- It will reach Skovorodino by summer of 2008 (Phase 1). That would allow China to build a branch to connect Skovorodino to Daqing (blue line).
- Russia also agrees (tentatively) to connect Skovorodino to Nakhodka afterward, that would satisfy Japan's need. But "No date has been set for the second stage, and Putin gave no timetable or other specifics."
China had negotiated and reached a deal with Yukos to build a pipe line from since 1992, from Angorsk via Chita to Daqing (yellow line). Unfortunately when Yukos was nationalized the deal was terminated. Japan has then seized the opportunity and tried to shut China out and the current pipeline was proposed (with a detour to north of Lake Baikal due to environmental concern - Baikal is the deepest lake (1637m or 5369 feet!) in the world and perhaps also the cleanest large lake remains on earth, the shaded areas are natural reserves oir national parks. It is also for environmental reason that the terminus was changed from Vladivostok/Perevoznaya Bay to Nakhodka).
Here is another myth that I scratch my head very hard:
- I can understand why Japan can be concerned about the pipeline passing through China, even though the route is shorter and the cost cheaper, because the Koizumi regime's general hostility and distrust on China. However, why does Japan try so hard to shut China out? The "reason" Japan provided is China will "siphon" away the oil at upper stream (they learned a lot from Saddam, it seems). But don't the Russian make the decision of which branch it open the taps to? Don't price and market determine who gets the goods? It should be noted that China does not try to shut Japan out, it just wanted a branch to deliver the hydrocarbon to Daqing.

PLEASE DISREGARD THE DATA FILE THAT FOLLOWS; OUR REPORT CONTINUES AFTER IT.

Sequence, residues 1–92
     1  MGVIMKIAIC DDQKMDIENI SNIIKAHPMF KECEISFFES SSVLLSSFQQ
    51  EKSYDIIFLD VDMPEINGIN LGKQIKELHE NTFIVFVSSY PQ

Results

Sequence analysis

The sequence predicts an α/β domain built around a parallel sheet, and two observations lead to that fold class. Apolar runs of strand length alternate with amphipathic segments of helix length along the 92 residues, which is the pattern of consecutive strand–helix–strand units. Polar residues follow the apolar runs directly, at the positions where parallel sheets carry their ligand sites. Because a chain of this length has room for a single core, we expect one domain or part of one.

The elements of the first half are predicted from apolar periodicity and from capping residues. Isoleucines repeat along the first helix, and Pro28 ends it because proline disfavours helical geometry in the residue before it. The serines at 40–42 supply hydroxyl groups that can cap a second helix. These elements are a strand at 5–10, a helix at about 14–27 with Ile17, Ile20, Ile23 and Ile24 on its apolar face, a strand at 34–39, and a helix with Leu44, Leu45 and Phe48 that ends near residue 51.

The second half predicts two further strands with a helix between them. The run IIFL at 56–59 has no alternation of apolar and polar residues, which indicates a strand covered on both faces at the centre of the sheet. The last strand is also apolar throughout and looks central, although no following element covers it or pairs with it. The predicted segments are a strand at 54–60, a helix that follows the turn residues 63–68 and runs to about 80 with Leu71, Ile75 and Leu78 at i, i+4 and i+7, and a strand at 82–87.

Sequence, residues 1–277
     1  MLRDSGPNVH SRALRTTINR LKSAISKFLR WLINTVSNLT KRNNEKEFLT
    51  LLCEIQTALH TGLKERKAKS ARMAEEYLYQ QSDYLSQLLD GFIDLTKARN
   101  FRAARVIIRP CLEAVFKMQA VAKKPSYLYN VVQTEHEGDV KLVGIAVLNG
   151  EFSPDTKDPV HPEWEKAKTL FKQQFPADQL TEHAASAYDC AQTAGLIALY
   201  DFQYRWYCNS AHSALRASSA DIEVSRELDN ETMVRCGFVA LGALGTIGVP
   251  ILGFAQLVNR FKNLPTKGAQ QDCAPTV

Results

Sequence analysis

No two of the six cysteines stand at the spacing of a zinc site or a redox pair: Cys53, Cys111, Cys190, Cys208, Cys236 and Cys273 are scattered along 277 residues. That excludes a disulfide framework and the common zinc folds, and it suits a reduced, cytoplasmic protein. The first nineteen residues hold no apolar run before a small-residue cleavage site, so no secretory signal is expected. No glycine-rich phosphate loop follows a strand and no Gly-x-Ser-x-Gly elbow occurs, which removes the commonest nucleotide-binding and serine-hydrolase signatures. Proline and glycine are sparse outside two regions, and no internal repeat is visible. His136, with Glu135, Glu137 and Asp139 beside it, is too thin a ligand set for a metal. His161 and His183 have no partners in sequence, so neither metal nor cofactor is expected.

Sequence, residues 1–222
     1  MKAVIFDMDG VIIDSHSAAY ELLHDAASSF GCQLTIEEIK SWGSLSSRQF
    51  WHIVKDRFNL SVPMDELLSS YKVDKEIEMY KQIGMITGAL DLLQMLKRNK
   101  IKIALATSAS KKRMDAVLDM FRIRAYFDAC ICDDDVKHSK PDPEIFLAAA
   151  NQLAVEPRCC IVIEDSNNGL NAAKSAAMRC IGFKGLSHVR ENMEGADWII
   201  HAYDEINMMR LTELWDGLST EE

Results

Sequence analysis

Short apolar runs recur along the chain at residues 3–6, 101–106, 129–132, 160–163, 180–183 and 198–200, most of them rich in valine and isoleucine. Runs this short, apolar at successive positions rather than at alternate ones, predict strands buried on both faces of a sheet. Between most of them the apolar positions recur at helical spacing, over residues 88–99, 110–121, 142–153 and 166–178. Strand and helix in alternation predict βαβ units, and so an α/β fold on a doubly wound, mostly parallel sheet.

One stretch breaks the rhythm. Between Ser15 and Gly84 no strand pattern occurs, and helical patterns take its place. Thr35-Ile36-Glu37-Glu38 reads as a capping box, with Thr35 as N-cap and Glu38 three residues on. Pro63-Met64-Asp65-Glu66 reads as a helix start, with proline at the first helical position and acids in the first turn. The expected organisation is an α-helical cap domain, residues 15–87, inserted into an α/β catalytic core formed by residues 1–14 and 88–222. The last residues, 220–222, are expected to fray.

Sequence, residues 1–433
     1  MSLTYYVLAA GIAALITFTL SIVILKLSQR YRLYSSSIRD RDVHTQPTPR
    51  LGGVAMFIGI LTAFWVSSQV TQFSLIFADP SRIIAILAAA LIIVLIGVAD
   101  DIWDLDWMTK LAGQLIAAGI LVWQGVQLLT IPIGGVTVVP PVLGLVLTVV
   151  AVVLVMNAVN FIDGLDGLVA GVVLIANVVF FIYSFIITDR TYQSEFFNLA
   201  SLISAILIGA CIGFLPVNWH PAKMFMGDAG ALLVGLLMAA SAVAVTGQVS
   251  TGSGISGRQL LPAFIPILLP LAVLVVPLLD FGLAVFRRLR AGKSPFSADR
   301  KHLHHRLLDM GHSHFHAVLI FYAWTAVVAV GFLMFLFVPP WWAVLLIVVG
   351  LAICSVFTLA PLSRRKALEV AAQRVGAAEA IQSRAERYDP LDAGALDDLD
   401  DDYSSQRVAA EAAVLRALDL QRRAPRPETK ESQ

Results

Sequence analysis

Putin is not Chen Shui Bian or Annette Lu, he knows the more customers he has the better price he can command. He wants to be able to sell his oil to everybody, not just China, also to Korea and US via Nakhodka.
Had the Angarsk-Daqing line been completed, there would have been much less pressure on world oil demand because China could shift its sourcing to the extra capacity Russia has. Maybe we could all have been able to enjoy cheaper gas. Japan's bullying has hurt the world's oil importers including itself, as it has paid a lot more to import oil at a higher price today.
Update SEP/2006: Dili blog